"I've lived here about five years and recently attended a "Sustainable Thurston" teach-in about growth issues sponsored by the Carnegie Group. In order to accommodate growth, we're going to have to look at higher density - I don't see any other way unless you want to see sprawl. The trick is to do it right."
"We put a lot of pressure on our water resources," said McConkey. "We use it, dirty it, and throw it away. I'm glad to see the interest - it's complex....One of the passions I have is water and my goal is to help you learn enough to be informed."
About the groundwater study specifically, McConkey said, "When I talk about it, I hear a whole spectrum of comments from, 'Why are you bothering me with that?' to very specific concerns. I find that if we don't get everyone's ideas to the best of our ability to help us identify key questions, we won't answer our questions about the best scientific methods and procedures...At least we can inform ourselves of the best options to take. A lot of good ideas can come out of that."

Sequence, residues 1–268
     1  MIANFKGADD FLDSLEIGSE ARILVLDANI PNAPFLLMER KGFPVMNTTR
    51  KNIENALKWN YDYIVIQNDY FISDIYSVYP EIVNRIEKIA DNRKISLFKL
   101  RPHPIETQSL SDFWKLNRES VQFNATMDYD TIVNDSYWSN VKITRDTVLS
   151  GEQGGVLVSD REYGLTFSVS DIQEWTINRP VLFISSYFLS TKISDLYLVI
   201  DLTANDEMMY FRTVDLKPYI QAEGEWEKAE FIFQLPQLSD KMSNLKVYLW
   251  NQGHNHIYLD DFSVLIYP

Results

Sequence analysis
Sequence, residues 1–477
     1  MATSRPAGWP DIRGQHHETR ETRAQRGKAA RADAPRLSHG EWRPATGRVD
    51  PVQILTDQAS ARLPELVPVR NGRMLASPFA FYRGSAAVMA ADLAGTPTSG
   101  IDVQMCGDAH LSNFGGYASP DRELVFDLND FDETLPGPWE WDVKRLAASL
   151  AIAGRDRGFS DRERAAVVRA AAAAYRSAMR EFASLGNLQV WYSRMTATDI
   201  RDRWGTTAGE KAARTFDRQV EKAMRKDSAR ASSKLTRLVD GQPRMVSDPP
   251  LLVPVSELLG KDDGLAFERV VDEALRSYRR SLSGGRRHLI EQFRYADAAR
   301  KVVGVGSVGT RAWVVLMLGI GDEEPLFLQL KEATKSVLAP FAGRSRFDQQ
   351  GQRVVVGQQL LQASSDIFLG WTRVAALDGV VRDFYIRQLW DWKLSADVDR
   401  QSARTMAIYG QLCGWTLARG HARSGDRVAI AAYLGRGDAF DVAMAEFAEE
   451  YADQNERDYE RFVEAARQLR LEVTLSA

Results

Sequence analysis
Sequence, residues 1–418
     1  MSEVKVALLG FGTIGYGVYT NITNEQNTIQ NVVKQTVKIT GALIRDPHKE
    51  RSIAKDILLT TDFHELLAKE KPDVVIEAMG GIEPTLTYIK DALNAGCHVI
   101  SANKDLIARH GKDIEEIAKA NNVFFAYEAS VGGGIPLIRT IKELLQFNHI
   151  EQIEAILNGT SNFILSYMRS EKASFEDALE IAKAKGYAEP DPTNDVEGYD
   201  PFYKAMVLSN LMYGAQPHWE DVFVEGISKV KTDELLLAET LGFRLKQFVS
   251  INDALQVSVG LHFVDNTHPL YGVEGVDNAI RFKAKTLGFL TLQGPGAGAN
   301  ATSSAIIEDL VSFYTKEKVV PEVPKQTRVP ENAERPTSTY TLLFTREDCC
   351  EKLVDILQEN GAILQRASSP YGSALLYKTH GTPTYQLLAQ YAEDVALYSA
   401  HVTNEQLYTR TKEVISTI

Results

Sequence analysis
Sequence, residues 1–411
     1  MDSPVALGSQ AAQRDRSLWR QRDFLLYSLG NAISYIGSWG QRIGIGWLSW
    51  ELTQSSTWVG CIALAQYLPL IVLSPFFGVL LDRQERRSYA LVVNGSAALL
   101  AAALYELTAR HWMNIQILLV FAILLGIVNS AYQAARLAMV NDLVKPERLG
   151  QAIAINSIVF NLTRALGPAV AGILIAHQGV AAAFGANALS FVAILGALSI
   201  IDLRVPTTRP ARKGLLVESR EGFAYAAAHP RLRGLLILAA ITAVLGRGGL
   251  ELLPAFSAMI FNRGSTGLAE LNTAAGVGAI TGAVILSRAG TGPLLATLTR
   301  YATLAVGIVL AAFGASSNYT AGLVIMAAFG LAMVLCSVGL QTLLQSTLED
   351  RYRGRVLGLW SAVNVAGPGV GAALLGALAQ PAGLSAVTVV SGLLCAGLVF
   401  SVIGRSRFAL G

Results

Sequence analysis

For more information about the membership of the Groundwater Recharge Scientific Study, the LOTT Alliance, compounds of emerging concern, and other water issues, go to and type key words, using the search button.
For more information on the Groundwater Recharge Scientific Study, or to go on a tour of LOTT at 500 Adams St. NE in downtown Olympia, call (360) 664-2333 or go to .
The WET Science Center at LOTT offers kid and adult friendly interactive exhibits, activities and presentations that explain our local water system. For more information, go to